‘11.22.63’ Recap 1×02: Franc to the Future

Sarah Gadon and James Franco in 11.22.63.

Sarah Gadon and James Franco in 11.22.63. Alex Dukay/Hulu

Vinnie: So, Drew, question: Why is 11.22.63 so funny to me? True, “James Franco travels back in time to stop the JFK assassination” does sound like it should be preceded by “from the guys who brought you The Interview!” But this is Stephen King, and there’s nothing technically wrong with Hulu’s adaptation. Actually, everything tonally, narratively, and aesthetically about this show ranges from good to great to very occasionally superb. So why, why, why is it also filled with so many little weird things moment to moment that I just can’t stop laughing at? Why is it so fucking funny that in the premiere, when a strange, clearly deranged elderly man with mysterious, rapidly developing cancer basically forces Franco’s Jake Epping into a dark closet, Jake’s first thought is “There better not be cobwebs in here!” Ha? Hahahaha? This high-school-English-teaching motherf*cker should focus more on not getting murdered next to a bunch of frozen diner meat and less about getting a spider-web in his shitty goatee.

Drew: I would say it’s because James Franco’s celebrity outshines his performance (art) at this point. Like oh yeah, he just HAD to be a teacher. And not just any teacher, but a teacher who memorizes his adult literacy class assignments. Seriously. That Halloween story was fine, but it was no “The building is beige, but the shadows make it shadow-color.

And as Liana pointed out in her Social Download column this week, most of the issue here is just James Franco’s ridiculous faceHe’s just never NOT eating that pie from Spider-Man 3, as far as I’m concerned.

So good.

Vinnie: It kind of reminds of the reason I find a lot–MOST–of Stephen King’s novels distractingly funny. Yes, 11.22.63 was developed for TV by Parenthood exec-producer Bridget Carpenter, but it has all King’s soul. Dude might be a genius, and 9 times out of ten has a solid premise, but his actual writing style is so “everyman slang,” and that doesn’t work all the time. Like, I just read On Writing during a plane ride, and in between some borderline life-changing advice it was “caca shit ass farts don’t use adverbs.” And I’m like “haha what are you even doing, Stephen King? Oh, so much cocaine.”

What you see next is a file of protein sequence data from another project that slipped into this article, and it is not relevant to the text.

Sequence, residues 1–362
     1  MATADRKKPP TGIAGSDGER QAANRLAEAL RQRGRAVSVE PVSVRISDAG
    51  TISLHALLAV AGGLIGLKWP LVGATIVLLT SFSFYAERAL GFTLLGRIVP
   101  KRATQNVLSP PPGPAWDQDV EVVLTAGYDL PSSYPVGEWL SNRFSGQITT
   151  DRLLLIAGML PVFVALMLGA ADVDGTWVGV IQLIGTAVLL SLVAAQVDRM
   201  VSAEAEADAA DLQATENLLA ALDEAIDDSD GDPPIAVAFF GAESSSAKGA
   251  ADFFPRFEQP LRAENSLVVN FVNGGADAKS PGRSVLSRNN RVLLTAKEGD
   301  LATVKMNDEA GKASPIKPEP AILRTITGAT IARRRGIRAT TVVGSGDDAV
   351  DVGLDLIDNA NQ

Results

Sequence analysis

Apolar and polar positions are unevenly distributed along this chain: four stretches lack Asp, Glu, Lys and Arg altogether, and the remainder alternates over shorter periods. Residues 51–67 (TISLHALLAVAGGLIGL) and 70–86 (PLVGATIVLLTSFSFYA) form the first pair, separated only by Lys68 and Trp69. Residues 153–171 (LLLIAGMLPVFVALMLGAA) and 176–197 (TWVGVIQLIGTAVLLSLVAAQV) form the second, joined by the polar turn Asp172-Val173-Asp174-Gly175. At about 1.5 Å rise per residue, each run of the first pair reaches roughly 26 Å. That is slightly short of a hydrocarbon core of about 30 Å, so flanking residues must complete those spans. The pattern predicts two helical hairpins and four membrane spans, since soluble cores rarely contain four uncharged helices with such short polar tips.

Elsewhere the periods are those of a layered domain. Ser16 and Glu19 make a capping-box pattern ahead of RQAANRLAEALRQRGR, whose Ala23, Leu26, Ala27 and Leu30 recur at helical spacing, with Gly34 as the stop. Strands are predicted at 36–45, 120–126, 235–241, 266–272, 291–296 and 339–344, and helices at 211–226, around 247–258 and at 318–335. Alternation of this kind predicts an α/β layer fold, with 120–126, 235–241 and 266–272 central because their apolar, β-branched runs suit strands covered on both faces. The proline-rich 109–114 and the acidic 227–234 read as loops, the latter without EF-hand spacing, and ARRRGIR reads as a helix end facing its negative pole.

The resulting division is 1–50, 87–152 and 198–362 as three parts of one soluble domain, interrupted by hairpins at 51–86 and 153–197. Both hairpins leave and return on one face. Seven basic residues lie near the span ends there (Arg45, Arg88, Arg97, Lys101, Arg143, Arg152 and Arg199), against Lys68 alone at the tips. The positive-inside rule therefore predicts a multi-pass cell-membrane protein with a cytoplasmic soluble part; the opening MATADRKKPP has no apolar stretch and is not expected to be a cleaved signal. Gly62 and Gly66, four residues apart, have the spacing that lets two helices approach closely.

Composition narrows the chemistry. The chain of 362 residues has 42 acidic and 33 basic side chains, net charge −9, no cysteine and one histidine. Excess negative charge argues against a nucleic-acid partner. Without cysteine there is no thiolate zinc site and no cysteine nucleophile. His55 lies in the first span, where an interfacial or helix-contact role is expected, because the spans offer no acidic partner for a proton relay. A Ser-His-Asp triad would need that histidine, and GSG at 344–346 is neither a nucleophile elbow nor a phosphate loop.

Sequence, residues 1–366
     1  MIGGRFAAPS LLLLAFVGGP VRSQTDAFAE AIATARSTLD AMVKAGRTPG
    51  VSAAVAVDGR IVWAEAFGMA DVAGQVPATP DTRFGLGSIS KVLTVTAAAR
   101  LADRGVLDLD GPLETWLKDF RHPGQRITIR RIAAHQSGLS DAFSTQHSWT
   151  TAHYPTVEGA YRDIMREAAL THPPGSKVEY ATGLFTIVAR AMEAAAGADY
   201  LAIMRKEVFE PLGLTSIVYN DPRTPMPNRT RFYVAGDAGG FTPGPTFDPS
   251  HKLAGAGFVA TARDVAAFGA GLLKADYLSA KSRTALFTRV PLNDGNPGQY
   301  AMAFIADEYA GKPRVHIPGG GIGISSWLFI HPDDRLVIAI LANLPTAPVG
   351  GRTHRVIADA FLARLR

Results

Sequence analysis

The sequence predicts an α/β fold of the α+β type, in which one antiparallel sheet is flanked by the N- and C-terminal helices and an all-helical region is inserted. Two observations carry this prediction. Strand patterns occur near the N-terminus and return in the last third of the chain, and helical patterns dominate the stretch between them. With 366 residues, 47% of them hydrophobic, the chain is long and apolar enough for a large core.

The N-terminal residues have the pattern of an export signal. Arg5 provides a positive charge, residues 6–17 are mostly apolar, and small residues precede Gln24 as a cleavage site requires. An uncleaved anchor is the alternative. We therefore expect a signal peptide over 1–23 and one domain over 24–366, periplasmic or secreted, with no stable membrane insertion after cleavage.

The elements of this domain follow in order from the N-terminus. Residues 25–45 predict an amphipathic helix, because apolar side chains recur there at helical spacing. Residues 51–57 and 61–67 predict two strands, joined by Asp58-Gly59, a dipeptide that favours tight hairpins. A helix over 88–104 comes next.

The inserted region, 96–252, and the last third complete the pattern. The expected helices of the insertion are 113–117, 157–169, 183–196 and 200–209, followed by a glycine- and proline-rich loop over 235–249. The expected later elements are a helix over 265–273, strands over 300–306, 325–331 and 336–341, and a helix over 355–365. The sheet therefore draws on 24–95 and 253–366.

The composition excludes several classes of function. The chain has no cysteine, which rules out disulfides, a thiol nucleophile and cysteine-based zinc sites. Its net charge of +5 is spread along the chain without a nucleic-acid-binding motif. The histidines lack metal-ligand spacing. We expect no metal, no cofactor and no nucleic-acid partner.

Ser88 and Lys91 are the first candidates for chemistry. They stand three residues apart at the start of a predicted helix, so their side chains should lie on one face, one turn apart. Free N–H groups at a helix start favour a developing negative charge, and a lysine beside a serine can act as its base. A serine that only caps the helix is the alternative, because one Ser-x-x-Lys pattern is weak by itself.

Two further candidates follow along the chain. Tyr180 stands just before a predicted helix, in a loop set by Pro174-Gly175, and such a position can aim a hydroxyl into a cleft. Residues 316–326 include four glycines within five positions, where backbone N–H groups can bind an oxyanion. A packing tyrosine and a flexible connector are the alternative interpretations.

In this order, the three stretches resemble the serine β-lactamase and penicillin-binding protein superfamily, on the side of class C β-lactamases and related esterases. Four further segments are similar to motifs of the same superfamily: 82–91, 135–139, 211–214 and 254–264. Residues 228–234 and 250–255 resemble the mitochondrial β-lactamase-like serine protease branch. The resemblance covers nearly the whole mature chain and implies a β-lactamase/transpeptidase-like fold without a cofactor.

Drew: NO HE WAS DONE COCAINE BY THAT POINT, VINNIE! AND THAT ADVERB ADVICE IS SOLID.

On the other hand, it’s weird how out of sync Stephen King can seem with his OWN time period. Like in the pilot, when Chris Cooper gives him the book of all the sports stats, and James Franco isn’t immediately like “Oh, you want me to Old Biff it?” Because how can someone of his generation not reference Back to the Future II?

Vinnie: But anyway, that is exactly how I feel about 11.22.63, which basically means this recap will now devolve into a list of the times I laughed out loud in between what I think might be a pretty serviceable TV series. For example:

The fact that Frank Dunning (Josh Duhamel), future-murderer of his entire family, spends his weekends casually murdering cows with his buddies. How on the nose is it that a man who eventually beats his family to death with a hammer makes late-night fun-times out of hitting cows…..on the nose. And what, pray tell, is Jake’s plan here? Do you really need to gather intel on someone you already know commits murder in the future? It’s like going back and time and coming back like: “I’m starting to get weird vibes from this Charles Manson fella, but he did say I was funny and I think he was impressed when I quoted Agee. Better hang out again and see for sure.”

Drew: Wait what about how Jake already knows Frank Dunning has sent men to KILL HIM? And he only escaped because of that Icona Pop parakeet? And this time, he doesn’t even have his iPhone anymore?! Which honestly, was a ridiculous call. Get your fucking iPhone back, dude. It might come in handy!

One thing the book did that this show veers away from–and I get why, to keep the narrative moving forward at brisk pace–is having Jake make all these mistakes, go back to the present and “erase” them by going right back into the closet again. Like maybe he should have gone back and made a smaller bet? Get another copy of those JFK records? Get back your iPhone and just record that one dude having a dinner conversation? I dunno. I’m not time scientist. But come on, dude. You know the rules. By the SECOND TIME Jake got into Frank’s car this episode, I wanted to be like “You know these are still Inception rules, right?” You die in the past, you’re dead.